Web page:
The government have announced new plans set to come into place in 2020
Earlier today (February 24), the government announced plans to introduce fast-track degrees for university students. Instead of spending three years studying a subject, students would only spend two years working towards their chosen qualifications. If you’re thinking you’d get to do a degree for a bit cheaper than usual, think again. Universities would be allowed to charge more than £14,000 per year according to the BBC, which could mean students in England would end up paying more than students at state universities in America.
It’s being argued that students would have lower accommodation and living expenses, and would be able to start repaying their debts sooner, making the fast-track degrees more beneficial to them, but it mainly whiffs of the educational equivalent of the post-Brexit Toblerones that cost the same but have half as many mountains. Three NME readers weigh in with their opinions on the proposed scheme.
Nicole Reid, 20, University Of Huddersfield
“I have been a music journalism student at Huddersfield University for the past three years and, even with a part-time job, I have found it extremely hard to provide for myself. I think that even if this scheme will help reduce the debt of students the fact is they will still be in debt for most of their life, if not all of it. With the amount that student digs cost, I find it hard to believe that one less year is going to make much difference at all for the fact that, unless a student ends up making a lot of money from their future career, it is almost impossible to pay off. I am currently in my final year and I am constantly stressed and busy with assignments and trying to do as much work as I can while also working 16 hours a week to make sure I can, at the very least, live. This scheme would only increase the work on my plate and with the amount of work I currently have, I would see that as impossible.”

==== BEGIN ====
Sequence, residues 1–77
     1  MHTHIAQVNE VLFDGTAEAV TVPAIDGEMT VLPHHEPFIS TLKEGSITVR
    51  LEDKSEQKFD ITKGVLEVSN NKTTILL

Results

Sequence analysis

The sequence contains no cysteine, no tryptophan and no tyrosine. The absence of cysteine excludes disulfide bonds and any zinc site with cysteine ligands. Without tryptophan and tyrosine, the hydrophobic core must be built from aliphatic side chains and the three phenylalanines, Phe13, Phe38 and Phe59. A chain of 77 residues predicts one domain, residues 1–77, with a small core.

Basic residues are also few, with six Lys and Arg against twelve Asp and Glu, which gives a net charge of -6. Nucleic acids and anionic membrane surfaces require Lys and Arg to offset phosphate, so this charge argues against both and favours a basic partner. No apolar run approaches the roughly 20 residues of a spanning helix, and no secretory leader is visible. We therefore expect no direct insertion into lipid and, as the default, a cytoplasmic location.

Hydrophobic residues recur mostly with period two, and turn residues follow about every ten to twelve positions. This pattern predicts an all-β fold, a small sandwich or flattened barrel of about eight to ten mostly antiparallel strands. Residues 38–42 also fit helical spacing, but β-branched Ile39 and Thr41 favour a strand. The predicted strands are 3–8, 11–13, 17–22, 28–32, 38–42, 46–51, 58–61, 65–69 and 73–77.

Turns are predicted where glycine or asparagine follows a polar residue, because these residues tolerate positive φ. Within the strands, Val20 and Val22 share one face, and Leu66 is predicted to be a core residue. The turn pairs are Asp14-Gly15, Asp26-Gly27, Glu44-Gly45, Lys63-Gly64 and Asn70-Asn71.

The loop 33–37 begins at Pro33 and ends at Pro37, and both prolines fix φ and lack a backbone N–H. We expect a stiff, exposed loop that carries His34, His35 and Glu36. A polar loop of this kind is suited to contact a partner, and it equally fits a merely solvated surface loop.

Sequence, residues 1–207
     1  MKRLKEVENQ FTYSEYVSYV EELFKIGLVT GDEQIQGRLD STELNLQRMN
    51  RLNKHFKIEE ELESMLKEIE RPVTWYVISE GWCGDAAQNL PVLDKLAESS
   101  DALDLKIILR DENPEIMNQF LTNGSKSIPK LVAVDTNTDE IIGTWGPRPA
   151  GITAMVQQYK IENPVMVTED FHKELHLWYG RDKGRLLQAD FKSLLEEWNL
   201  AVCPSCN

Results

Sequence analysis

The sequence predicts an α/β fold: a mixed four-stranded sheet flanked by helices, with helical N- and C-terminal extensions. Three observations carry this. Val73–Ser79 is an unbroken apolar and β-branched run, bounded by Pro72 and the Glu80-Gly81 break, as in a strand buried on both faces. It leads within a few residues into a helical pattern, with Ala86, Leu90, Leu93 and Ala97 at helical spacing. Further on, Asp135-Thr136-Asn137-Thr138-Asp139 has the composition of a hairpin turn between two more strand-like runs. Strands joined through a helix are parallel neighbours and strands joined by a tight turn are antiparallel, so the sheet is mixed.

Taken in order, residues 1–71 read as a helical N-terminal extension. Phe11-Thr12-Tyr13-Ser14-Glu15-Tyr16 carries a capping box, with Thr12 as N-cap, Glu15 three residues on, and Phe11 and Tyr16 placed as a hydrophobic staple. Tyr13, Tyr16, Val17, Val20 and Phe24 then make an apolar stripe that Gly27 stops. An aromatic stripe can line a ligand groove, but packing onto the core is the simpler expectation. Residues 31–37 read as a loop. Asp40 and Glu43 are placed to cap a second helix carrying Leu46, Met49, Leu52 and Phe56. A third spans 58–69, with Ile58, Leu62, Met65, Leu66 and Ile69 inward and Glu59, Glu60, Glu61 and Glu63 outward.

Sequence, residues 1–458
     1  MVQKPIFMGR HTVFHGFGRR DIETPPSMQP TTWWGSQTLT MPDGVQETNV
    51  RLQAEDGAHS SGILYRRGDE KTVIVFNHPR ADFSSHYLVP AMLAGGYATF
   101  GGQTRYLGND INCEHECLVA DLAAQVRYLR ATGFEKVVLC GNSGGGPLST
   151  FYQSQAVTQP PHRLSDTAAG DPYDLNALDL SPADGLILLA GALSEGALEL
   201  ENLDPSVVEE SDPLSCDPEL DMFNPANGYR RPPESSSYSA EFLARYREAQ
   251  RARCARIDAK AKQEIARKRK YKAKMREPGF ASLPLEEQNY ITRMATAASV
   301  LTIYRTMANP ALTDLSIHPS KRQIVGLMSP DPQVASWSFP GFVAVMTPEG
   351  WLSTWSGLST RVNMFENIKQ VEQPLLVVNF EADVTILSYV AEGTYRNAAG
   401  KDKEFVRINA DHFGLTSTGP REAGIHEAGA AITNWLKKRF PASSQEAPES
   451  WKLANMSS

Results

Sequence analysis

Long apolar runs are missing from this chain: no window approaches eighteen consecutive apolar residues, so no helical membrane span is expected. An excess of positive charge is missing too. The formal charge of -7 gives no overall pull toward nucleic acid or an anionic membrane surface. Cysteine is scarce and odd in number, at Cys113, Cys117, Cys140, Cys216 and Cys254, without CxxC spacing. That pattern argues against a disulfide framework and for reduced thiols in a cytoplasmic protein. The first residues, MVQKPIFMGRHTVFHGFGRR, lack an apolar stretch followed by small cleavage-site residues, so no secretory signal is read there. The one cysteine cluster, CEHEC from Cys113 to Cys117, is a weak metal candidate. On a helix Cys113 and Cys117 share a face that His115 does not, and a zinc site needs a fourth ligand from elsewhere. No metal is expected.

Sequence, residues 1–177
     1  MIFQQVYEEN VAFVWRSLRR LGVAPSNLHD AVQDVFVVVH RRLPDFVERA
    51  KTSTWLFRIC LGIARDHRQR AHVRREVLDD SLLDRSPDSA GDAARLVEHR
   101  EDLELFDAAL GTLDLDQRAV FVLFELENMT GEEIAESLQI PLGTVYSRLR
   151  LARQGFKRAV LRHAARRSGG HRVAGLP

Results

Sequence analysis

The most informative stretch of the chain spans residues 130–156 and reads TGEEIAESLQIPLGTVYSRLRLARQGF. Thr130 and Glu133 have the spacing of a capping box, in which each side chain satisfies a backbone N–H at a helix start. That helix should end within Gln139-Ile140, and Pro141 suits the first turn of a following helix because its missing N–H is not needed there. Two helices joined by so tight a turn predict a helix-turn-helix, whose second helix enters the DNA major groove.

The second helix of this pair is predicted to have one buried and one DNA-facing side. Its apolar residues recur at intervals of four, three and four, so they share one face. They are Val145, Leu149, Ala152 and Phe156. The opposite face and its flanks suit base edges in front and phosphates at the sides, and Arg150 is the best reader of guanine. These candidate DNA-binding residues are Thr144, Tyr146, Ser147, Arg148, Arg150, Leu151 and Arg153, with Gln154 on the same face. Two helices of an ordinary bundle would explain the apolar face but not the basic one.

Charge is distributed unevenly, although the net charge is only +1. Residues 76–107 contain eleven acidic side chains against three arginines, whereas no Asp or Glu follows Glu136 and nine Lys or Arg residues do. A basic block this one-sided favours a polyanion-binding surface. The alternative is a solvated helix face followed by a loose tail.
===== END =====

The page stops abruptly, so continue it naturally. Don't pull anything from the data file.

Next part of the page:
Megan Lily, 18, Exeter College
“University to me has always been an opportunity to really find yourself, move out of home and grow up. Obviously, the point of going to university is also to come out with a degree so you can move on to find a job in a field that you love, but many students actually head off to study now to find out what they really want to do. So is £10k less of debt for a larger work load in a shorter period of time really worth it? Not in my opinion. It’s nice to have that option, but I don’t think that’s quite enough to justify changing the whole system and giving potential students yet another thing to think about. A study released by NightLine showed that 65 percent of students in the UK are stressed about university. This could potentially mean that students’ stress levels are crammed down into two years instead of three. There’s been a huge conversation around mental health in the last 12 months and that should be taken into account here – trying to pack a degree into two years could not only affect students’ future, but also their mental health.”
Sign up for the newsletter
Rory Marcham, 21, University Of Exeter
“So students are now being offered two-year university courses with fees of more than £14,000 a year under the guise that it’ll be worth it in the long-run, as they’ll be saving money on housing and living expenses. But it’s also something that would entail more intensive workloads and reduced holiday time. To be honest, it’s hard to see how these poorly devised schemes would really benefit anyone other than universities, which would be taking £26,000 for two years worth of teaching (as opposed to £27,000 for three years worth of teaching) all in aid of students supposedly saving money. Finances aside, university is a place and time in the lives of young adults where we can go to find ourselves, get to know like-minded people and take part in activities and societies that you just wouldn’t be able to get involved with back home. The uni experience is not something you can just fast-track and that’s before you consider the already demanding and time-consuming schedules most students already have. For me personally, my essay writing ability and way of approaching history (the subject I am reading at the University of Exeter) has improved drastically over the three years of the course and that’s not something that can be rushed. There’s no way I would’ve been able to squeeze in a good quality dissertation at the end of my second year. A degree is a qualification that is supposed to be awarded for an intense study into a certain subject, and shortening this to two years would certainly cheapen its value.”